Incoming Managers: 3 Tips for Managing an Existing Team

Starting a new job isn’t always an easy transition. That’s especially true for leaders who join a company and take on existing teams. Our Vice President of Recruiting, Jody Kasza, did this two years ago when she joined LaSalle Network and shares her top three pieces of advice on how to do it successfully: 

Be Patient and Build Trust:

During the first several months, takyour time. Learn how your teams function, independently and together. Author Michael D. Watkins says taking time to observe and listening before you speak are crucial steps to a successful transition. His book, The First 90 Days, is one Jody recommends as it’s a great guide for leaders moving into a new role. 

As an experienced leader, it may be difficult not to share your opinion and say, “At my last job, we did it this way.” However, by holding back in the beginning, it shows your team that you are open to learning, you value and respect their experience and that you’re there for the right reasons. This builds trust, which is crucial to taking on an existing team.  

You may have 20 years of experience as you join the company, but in reality, you have 20 years of knowledge from someplace else. It’s in a new leader’s best interest to be patient, listen and learn.  

Check Your Ego at the Door:

As a new member of leadership, when you have a new idea or want to go in a different direction, make sure the people on your team trust that you’re leading them down a good path. The best way to do that is to show them that you want their input and value their years of experience. Asking for help is a strength, not a weakness. Don’t work in a vacuum. Leaders can learn more when asking those around them for their insights and opinions.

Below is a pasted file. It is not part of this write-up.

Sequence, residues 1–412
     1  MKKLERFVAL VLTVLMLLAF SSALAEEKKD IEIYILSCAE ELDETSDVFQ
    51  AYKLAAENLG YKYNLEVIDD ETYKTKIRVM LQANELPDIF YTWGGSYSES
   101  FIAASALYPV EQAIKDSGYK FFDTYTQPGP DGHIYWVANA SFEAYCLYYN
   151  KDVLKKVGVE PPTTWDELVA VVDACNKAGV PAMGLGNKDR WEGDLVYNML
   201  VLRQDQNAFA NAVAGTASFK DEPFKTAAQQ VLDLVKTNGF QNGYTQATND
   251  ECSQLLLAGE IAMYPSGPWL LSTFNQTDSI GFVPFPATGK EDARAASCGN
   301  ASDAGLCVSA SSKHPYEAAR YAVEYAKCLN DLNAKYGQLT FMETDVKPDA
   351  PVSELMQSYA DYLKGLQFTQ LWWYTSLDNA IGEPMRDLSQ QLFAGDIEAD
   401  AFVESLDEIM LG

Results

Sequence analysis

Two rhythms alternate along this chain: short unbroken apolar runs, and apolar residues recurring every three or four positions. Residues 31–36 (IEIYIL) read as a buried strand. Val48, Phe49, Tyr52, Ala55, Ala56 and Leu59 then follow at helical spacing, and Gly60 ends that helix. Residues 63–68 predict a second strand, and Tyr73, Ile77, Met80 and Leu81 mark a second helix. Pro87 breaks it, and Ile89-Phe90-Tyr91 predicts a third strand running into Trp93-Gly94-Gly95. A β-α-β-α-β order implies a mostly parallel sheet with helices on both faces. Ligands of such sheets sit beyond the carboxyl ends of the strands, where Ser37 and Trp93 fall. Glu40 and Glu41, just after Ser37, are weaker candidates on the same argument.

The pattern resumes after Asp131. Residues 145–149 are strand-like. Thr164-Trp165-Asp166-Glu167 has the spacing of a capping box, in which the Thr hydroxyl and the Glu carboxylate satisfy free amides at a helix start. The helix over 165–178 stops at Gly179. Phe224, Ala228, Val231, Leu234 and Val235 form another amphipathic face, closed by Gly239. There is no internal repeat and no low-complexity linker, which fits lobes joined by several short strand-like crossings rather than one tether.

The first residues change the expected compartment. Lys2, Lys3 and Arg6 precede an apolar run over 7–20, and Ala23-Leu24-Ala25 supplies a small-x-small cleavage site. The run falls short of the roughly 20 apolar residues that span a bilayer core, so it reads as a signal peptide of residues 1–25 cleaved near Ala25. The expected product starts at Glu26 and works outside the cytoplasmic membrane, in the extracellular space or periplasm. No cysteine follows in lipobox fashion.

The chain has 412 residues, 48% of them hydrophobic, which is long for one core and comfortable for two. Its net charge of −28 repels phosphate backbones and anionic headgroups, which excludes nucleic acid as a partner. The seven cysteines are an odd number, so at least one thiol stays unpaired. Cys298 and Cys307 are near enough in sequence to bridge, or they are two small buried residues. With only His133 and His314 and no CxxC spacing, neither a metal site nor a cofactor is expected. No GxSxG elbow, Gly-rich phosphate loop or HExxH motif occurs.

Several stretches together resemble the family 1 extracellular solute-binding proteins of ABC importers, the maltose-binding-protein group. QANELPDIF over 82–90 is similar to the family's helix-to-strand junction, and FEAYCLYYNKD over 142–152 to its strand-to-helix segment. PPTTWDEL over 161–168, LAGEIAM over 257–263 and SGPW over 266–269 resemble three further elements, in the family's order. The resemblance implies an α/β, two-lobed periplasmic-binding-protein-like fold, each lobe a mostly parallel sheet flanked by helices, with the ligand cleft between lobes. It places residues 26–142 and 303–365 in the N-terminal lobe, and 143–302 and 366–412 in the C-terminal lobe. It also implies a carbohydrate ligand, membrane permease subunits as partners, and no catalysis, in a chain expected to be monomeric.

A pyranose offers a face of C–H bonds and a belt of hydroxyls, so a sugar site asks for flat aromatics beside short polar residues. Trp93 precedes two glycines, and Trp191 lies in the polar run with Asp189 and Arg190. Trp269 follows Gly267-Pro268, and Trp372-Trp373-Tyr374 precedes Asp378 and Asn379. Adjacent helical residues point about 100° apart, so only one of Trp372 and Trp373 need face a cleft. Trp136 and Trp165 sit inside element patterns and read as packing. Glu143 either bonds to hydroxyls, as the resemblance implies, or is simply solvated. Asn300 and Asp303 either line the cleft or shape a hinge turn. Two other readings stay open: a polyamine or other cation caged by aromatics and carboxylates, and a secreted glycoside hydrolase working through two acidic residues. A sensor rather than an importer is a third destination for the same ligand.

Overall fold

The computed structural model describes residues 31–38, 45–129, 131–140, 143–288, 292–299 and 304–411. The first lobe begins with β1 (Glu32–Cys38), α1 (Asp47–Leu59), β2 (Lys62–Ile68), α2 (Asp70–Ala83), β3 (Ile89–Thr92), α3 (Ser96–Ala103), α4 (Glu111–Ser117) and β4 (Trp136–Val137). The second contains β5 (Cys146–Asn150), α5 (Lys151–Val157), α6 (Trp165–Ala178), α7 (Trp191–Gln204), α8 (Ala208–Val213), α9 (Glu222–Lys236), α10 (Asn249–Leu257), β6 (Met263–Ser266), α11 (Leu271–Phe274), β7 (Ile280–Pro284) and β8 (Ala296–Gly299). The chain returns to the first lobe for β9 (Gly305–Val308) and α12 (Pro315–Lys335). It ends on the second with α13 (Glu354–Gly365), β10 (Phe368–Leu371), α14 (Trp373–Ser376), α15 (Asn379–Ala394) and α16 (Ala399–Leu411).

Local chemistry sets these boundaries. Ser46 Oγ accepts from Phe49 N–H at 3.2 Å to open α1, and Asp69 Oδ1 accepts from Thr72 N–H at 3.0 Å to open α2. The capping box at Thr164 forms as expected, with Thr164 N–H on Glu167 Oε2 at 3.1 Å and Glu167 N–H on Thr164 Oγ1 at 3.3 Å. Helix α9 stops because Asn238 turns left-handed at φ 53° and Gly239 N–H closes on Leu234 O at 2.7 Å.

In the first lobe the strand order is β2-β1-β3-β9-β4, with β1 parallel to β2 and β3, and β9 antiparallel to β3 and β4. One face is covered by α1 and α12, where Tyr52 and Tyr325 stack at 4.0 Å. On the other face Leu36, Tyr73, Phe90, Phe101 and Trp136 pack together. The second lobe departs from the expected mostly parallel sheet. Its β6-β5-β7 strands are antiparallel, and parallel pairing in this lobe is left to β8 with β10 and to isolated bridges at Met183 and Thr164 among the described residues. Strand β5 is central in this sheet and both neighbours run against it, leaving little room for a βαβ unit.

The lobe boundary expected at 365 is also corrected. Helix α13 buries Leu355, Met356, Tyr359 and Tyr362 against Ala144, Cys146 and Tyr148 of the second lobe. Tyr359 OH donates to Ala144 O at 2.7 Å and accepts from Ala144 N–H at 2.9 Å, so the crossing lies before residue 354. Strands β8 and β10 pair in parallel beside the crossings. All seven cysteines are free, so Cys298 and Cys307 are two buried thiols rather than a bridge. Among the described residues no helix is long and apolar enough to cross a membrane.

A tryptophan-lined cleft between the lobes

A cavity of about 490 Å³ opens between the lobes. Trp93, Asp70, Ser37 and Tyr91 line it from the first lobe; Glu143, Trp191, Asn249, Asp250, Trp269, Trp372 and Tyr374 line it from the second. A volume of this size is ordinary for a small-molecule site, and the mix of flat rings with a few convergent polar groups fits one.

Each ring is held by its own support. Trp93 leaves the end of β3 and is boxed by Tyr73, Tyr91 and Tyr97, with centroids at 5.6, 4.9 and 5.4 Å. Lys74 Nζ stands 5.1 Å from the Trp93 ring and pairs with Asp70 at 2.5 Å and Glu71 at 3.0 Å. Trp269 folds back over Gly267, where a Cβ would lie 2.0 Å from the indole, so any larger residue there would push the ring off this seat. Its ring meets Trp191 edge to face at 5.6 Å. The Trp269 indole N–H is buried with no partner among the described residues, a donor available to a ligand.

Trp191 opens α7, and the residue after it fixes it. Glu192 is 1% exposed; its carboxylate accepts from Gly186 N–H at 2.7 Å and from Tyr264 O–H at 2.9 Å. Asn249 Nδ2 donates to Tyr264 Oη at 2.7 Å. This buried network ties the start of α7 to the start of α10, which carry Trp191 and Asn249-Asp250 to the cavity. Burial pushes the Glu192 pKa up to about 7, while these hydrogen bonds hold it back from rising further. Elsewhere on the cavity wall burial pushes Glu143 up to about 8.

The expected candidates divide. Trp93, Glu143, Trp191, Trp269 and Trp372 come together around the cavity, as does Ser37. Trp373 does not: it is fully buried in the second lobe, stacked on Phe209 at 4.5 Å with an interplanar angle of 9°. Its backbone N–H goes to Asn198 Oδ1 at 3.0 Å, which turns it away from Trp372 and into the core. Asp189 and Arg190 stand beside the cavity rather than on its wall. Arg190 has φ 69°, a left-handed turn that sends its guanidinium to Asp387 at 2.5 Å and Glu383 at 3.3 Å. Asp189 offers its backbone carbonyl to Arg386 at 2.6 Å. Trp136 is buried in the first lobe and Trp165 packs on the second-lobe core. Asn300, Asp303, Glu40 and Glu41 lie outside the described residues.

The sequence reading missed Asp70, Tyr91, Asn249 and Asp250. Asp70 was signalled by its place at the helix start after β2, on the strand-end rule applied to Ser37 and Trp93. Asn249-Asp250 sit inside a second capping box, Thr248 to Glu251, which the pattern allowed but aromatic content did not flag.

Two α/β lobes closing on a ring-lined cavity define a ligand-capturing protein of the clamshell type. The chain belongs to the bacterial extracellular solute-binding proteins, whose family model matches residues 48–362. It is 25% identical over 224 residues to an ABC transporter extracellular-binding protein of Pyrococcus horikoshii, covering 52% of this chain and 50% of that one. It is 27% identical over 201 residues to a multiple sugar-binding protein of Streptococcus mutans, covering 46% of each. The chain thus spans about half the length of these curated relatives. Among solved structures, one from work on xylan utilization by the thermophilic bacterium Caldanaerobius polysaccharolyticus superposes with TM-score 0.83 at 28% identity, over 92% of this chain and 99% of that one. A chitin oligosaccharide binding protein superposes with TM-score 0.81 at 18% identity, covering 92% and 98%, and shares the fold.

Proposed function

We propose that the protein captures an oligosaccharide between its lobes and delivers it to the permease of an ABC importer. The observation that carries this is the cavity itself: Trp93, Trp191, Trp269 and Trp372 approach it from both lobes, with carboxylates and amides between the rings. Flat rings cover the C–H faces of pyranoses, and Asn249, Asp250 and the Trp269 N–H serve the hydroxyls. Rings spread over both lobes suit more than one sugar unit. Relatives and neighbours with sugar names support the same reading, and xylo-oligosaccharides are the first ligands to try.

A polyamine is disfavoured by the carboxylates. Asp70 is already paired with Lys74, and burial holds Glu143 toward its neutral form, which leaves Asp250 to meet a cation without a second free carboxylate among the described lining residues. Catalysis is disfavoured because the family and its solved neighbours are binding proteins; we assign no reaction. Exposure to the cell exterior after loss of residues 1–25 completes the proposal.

Build Relationships by Creating Memories: 

Just like building trust, building relationships takes time. As much as you’d like to speed up the process, you can’t. You have to wait it out. Relationships are built on shared memories, and memories are created over time.  

Support your team when they encounter unexpected obstacles at work. Take your team out for lunch or dinner to celebrate a win. Schedule a fun outing, like a sporting event, so you can better get to know one another.  

These shared experiences give you and your team the building blocks to form healthy relationships, which are crucial to creating a workplace culture where every member of the team feels comfortable, valued and confident in their leader. 


As a new leader, if you are tasked to grow your team, we’d love to help! Click here to find out more. 

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